Saving trees to beat the heat - Hindustan Times
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Saving trees to beat the heat

ByHT Editorial
May 20, 2024 08:42 PM IST

India has lost a chunk of its farmland trees. In times of climate crisis, this is a cause for worry

The exceptionally high summer temperatures hold a lesson: India badly needs affordable, easy-access adaptation measures to protect people from extreme heat, an impact of the climate crisis that manifests regularly every summer. Access to shade from the scorching sun can help save people, especially in rural areas. However, evidence suggests a trend in the reverse.

Kashmir farmers spray pesticides on apple trees. (HT File Photo) PREMIUM
Kashmir farmers spray pesticides on apple trees. (HT File Photo)

New research that mapped 0.6 billion farmland trees in India, excluding block plantations, and tracked them over the past decade, found that around 11 ± 2% of the large trees (about 96 m2 crown size) from 2010/2011 had disappeared by 2018. Then, during 2018–2022, more than five million large farmland trees (about 67 m2 crown size) vanished, partly due to altered cultivation practices, where trees within fields are perceived as detrimental to crop yields. India’s farmland trees include multipurpose ones such as khejri (Prosopis cineraria), neem (Azadirachta indica), mahua (Madhuca longifolia), gum (Acacia nilotica), and Indian rosewood (Dalbergia sissoo), which provide a variety of ecosystem services from conservation (for example, soil fertilisation and shade) to consumption (fruits, fuelwood, fibre, mulch, medicine, fodder). This is possibly the first time that the status of individual large trees is being mapped using microsatellites providing spatial resolution of 3–5 m. The results are a cause for worry, suggesting that India is gradually losing a major, low-hanging climate adaptation solution. This also reinforces why India’s rural heartland is becoming dustier and drier and living conditions even more difficult.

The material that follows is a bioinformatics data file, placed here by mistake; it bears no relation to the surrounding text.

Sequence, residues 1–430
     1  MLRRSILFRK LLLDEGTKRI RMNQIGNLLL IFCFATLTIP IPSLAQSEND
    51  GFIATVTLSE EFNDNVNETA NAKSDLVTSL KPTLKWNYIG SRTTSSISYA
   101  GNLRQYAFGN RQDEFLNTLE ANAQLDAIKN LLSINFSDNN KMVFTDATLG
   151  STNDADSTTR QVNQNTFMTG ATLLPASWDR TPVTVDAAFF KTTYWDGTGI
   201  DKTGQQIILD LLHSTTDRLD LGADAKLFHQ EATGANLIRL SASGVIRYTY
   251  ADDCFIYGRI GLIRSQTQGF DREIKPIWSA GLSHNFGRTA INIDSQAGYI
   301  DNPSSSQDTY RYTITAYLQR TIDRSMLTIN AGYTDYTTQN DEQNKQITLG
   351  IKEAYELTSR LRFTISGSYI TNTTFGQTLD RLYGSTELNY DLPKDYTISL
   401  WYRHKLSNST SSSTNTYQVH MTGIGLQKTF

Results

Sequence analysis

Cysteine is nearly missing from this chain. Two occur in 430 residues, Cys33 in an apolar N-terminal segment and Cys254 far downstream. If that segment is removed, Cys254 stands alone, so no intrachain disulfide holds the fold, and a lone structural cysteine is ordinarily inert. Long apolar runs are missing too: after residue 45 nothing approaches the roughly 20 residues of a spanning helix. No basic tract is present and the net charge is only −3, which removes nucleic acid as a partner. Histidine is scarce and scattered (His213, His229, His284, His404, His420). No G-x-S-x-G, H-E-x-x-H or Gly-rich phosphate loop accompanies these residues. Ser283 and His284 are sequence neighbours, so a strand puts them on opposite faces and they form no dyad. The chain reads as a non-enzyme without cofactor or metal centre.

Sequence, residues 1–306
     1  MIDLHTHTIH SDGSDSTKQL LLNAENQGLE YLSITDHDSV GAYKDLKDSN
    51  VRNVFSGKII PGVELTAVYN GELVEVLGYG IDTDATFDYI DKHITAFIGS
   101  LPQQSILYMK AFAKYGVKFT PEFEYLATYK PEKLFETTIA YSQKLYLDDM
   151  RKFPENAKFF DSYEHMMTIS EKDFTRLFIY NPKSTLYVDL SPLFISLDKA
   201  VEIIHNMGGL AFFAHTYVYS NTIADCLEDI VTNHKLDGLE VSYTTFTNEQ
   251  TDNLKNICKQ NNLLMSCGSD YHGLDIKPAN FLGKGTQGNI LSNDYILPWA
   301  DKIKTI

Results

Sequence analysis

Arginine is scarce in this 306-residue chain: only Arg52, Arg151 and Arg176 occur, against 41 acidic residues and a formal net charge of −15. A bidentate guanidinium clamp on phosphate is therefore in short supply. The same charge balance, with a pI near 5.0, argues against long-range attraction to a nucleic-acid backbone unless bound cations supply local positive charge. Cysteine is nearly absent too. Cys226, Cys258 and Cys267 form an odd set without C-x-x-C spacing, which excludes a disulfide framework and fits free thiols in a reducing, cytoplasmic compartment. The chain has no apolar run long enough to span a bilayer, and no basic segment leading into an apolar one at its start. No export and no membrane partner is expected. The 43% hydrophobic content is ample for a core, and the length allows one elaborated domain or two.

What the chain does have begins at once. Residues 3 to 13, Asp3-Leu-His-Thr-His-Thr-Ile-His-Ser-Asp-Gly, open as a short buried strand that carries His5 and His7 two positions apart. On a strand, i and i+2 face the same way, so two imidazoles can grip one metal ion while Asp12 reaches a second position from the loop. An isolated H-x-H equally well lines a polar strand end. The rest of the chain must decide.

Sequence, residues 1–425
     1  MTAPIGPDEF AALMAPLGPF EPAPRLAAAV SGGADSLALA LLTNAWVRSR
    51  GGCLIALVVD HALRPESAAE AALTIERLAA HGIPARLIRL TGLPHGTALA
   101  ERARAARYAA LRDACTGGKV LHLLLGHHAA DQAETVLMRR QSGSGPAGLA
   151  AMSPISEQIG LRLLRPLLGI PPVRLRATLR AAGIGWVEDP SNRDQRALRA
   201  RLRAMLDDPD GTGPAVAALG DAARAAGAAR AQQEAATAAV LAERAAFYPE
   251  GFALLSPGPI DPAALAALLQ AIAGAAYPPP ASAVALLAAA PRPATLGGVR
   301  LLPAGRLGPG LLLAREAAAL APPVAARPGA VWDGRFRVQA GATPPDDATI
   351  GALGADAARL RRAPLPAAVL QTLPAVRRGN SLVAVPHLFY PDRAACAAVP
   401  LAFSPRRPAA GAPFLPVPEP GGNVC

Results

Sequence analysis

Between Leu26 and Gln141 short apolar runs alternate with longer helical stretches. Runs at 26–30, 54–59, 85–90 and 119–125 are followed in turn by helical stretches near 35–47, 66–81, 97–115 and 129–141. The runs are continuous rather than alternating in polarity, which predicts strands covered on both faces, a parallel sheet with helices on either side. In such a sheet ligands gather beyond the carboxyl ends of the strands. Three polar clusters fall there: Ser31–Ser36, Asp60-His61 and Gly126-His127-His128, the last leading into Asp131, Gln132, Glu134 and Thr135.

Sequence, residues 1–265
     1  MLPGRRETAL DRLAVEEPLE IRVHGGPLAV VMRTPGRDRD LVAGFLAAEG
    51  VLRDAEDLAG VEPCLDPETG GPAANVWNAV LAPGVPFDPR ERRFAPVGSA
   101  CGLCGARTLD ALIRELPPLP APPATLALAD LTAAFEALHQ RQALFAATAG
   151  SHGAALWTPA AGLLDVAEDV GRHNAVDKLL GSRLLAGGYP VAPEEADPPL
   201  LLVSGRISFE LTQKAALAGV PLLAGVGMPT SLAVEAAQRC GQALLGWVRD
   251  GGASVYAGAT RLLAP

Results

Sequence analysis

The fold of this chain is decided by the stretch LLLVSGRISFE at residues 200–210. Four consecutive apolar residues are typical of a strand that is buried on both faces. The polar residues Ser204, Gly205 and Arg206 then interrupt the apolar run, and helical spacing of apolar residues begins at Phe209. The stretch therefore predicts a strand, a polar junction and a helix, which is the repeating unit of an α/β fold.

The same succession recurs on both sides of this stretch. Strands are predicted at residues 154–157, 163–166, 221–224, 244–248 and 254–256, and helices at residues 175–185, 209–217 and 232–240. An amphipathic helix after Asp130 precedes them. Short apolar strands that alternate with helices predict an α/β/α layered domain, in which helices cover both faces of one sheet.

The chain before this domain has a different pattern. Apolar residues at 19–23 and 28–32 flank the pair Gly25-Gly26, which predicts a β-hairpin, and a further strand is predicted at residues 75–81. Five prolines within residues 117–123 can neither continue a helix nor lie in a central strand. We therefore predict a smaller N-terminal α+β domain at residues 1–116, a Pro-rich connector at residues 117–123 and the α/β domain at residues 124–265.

This trend needs to be reversed, which may necessitate policy tweaks. For example, this newspaper reported in February that a new notification by the Union environment ministry said corporations and other private entities could sponsor plantations on degraded land, including open forest and scrubland, wasteland and catchment areas, and avail green credits, which could be traded. The fear that this could result in a change in land use and impact biodiversity is genuine: India’s experience with plantations, especially raised through social forestry schemes, is that they encourage monoculture and rarely enrich biodiversity or contribute to livelihoods. It is time the conservation ecosystem recognises the role of farmland trees, especially their heat-mitigation potential, and formulate policies in consonance with the needs of citizens and communities. A Supreme Court-appointed committee recently identified older/larger trees as having a higher ecological value. That’s a good first step; now policy has to follow.

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